Venomous snake bite

What is the bite of a poisonous snake?

Snakes are carnivores and only 400 species out of 3000 found in the world are poisonous. Many of them kill their prey by suffocating it.

Also, snakes are cold-blooded animals and cannot raise their body temperature when the ambient temperature is low. Therefore, they are most active when the air temperature is between 25 and 32 degrees.

Venomous snakes secrete venom using their modified salivary glands. When bitten, the venom passes from the gland through channels in the snake’s teeth and finally into the body of the snake’s victim.

Not all snake bites release venom. Snakes can control whether and how much venom they release when they bite.

Dry bites – where no venom is released, occur in between 25-50% of snakebite cases. As with the viper found in Bulgaria, the percentage of dry bites is about 25.

In Bulgaria, there are 6 species of snakes that are poisonous, including the viper, viper, cat snake, stone viper, sharp-nosed viper and the concave-fronted snake. </p >

Snake venom consists of substances that can be divided into four groups:

  • Cytitoxins – damage tissue in the bite area.
  • Hemotoxins – cause blood to clot, which can cause immediate death.
  • strong>
  • Neurotoxins – cause damage to the nervous system.
  • Cardiotoxins – directly affect cardiac activity.

What are the symptoms of a snake bite?

Bites from venomous snakes can cause a number of symptoms.

These can range from simple puncture wounds from the impact of the snake’s teeth to life-threatening conditions and even death. The initial state after the bite can be misleading.

The victim may have very mild symptoms and not pay attention to them, but suddenly begin to feel that he cannot breathe and quickly go into shock.

Symptoms of snake bites generally fall into several categories:

  • Local symptoms in the area of ​​the bite – when bitten by a viper, the area of ​​the bite may swell and start to bleed. Usually the area is painful and irritated.
  • Change in blood condition – viper venom contains hemotoxins that cause blood to clot quickly.
  • Symptoms caused by the effects of the poison on the nervous system- victims of viper bites may have problems with vision, speech and breathing. There may be numbness in some parts of the body near the bite or in one of the limbs.

When to seek medical help?

For any snakebite you should seek immediate medical attention medical assistance. If you know the snake that bit you and it was not poisonous, this should not be a reason not to seek medical help immediately.

If you have identified the type of snake that bit you, this will help doctors treat you and determine whether you need to be injected with antivenom.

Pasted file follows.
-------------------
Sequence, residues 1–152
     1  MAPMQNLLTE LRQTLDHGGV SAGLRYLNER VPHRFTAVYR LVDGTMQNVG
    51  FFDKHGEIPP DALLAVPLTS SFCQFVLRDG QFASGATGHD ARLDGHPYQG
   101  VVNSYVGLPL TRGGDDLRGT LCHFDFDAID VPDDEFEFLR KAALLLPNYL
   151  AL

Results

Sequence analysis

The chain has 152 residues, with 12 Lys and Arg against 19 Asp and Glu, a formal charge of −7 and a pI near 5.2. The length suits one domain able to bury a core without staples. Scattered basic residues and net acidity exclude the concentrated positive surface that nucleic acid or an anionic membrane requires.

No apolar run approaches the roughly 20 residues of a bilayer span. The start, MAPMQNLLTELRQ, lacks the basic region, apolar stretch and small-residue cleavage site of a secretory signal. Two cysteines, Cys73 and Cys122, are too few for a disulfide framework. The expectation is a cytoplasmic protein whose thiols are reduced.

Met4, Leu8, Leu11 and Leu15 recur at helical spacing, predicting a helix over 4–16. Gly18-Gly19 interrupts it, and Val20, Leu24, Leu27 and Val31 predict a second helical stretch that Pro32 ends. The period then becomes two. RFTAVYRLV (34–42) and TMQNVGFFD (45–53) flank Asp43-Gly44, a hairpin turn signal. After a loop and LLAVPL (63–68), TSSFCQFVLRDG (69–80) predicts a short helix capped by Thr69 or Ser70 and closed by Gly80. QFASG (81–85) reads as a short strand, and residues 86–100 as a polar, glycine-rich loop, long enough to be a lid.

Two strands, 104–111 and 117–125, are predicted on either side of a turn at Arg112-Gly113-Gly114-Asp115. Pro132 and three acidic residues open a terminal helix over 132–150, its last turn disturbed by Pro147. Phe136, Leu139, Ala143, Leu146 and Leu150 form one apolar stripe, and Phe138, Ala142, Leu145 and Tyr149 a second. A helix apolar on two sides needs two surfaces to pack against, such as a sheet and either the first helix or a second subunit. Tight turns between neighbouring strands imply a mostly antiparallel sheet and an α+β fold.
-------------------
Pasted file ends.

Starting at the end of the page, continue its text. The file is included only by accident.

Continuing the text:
Venomous snakebites require medical care for the skin at the bite site, and a tetanus shot is also required if you haven’t had one in the last 5 years.

  • To prevent a second bite, do not try to catch the snake because it may bite you again and again until it has completely exhausted its venom.
  • Look at the snake and try to identify it without trying to touch it.
  • If there is someone with you, ask them to take you to the nearest emergency medical center.

What should we do if we see a poisonous snake?

An encounter with a poisonous snake can cause anxiety and fear in even the most the brave. However, it is important to remain calm and take appropriate steps to avoid danger.

The first and most important rule is to not try to touch her or tease her in any way.

The snake may feel threatened and is very likely to attack you to defend itself.

The next step is to slowly and carefully move away from the snake without raising your hands quickly or abruptly.

The snake reacts to movement and may feel provoked if there is a sudden movement. It is imperative that we keep our distance and avoid keeping her in the area where we have spotted her.

When encountering a venomous snake, it is important to step back and avoid any kind of attempt to pet or hunt the snake.

Snakes such as cobras, gargoyles and others are known for their bright and warning colors, which often serve as a warning that they are poisonous, as well as a way for the snake to tell us to back off.

Attention to colors and appearance can be helpful in identifying venomous snakes.

An encounter with a venomous snake requires cold consideration and proper action. Calmness, distance and immediate medical attention are the keys to safely managing such situations.

However, the best strategy is to avoid contact with wild animals and observe them at a reasonable distance to preserve both their safety and ours.

A venomous snake bite can happen unintentionally while walking in the park or in the mountains, or if we provoke the snake in some way.

The important thing in this case is to remain calm and seek medical help as quickly as possible, as well as to provide as accurate information as possible about the snake that caused the bite.

Related Articles

Leave a Reply

Your email address will not be published. Required fields are marked *

Back to top button